U.S. Climate Study: Wildfires to Increase Risk of Respiratory Harm

Wildfires are likely to become even more severe, frequent, and widespread due to climate change, leading to an expected increase in respiratory illness from smoke inhalation, increased property damage, and significant disruption to communities throughout the West and South, warns a new government report.

The report, prepared by the U.S. Environmental Protection Agency in conjunction with the U.S. Climate Change Science Program (CCSP), details the impacts of climate change on public health and welfare. It concludes that nearly every region of the United States is vulnerable to the impacts of climate change, which will likely include degraded air quality, more frequent, and more intense extreme weather events, and greater transmission of diseases. It further states that climate change will likely cause harm to ecosystems across the country, posing threats to humans and animals alike.

"These ecosystems provide vital habitat for threatened and endangered species and are therefore at the crux of WWF's conservation mission," said Richard Moss, Ph.D., vice president for climate change at World Wildlife Fund (WWF). "But they are also vitally important to human welfare in that they provide essential services ranging from clean water and building materials, to food and recreational opportunities.

"To protect both nature and humanity, it is essential that policies be implemented – at the national and international levels – to reduce greenhouse gas pollution. And, recognizing the disruptive consequences of climate change, we must also move forward on the development and implementation of preparedness measures."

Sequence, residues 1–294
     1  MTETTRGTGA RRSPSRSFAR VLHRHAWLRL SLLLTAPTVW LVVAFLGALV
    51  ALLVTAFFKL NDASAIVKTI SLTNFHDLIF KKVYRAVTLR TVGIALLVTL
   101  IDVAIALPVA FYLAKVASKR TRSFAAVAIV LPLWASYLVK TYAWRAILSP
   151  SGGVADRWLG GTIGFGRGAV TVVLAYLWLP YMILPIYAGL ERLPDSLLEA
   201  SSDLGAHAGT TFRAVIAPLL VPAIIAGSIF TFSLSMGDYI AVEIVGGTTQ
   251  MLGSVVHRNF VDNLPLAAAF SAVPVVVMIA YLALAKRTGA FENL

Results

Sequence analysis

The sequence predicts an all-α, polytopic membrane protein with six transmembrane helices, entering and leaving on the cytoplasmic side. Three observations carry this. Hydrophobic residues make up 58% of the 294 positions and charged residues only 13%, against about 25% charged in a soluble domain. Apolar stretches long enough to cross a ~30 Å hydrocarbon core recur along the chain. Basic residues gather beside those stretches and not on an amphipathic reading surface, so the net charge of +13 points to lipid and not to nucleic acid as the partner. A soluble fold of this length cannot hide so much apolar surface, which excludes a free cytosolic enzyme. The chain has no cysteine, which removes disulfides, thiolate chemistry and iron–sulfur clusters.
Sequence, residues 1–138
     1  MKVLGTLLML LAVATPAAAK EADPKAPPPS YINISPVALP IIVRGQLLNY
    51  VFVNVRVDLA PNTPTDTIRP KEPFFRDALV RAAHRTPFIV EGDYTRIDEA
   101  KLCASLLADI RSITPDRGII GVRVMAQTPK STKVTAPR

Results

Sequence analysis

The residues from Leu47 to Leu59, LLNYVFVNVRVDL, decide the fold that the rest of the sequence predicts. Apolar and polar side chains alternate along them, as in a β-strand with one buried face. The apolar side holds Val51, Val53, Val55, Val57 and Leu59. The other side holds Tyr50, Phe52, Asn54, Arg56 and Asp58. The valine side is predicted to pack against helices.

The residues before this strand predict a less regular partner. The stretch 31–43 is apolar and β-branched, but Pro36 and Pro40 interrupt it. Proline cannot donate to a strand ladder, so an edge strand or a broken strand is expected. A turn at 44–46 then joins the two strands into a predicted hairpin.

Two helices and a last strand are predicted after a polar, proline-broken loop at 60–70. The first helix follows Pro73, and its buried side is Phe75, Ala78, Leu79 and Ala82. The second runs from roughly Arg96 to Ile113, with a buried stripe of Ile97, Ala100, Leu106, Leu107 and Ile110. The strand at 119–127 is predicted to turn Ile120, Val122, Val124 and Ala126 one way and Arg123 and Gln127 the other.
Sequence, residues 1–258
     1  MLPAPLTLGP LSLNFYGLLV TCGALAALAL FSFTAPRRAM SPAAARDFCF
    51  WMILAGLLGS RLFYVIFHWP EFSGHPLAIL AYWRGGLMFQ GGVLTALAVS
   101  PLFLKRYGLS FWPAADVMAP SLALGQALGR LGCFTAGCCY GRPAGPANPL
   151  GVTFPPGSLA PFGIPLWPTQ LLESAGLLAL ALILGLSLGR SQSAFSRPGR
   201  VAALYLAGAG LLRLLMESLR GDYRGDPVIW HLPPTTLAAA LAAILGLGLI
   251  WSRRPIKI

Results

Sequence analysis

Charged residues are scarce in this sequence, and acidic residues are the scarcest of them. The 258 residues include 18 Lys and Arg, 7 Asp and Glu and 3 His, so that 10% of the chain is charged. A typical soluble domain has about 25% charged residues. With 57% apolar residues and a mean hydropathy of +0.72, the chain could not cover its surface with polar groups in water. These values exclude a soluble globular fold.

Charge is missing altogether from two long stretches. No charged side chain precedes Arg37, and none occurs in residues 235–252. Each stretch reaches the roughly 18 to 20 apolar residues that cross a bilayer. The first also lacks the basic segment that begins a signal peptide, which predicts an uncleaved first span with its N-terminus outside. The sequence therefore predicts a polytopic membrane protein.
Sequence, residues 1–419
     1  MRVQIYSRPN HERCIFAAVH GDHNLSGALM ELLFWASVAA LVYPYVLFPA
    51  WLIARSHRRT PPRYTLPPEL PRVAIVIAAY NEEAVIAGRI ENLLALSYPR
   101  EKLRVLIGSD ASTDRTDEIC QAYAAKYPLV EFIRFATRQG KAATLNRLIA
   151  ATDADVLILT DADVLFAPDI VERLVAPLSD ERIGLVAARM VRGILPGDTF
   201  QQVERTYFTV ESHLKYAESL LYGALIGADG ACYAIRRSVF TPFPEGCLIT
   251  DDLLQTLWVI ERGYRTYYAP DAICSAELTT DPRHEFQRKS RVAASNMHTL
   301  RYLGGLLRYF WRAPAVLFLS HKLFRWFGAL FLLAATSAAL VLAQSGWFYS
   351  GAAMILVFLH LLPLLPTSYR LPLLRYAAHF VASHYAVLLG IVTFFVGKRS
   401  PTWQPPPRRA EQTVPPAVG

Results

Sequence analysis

Analyses of the Effects of Global Change on Human Health and Welfare and Human Systems

states that nearly every region of the country will be affected by climate change, which is likely to exacerbate challenges already being faced by state and local governments. "The challenges presented by population growth, an aging population, migration patterns, and urban and coastal development will be affected by changes in temperature, precipitation, and extreme climate-related events," the report says.

In response, the report outlines a variety of measures to prepare for the expected impacts of climate change and urges that some be implemented without delay: "[T]he strength and consistency of projections for climatic changes for some exposures of concern to human health suggest that implementation of adaptation actions should commence now."

The full report is available online at http://www.climatescience.gov/Library/sap/sap4-6/default.php.

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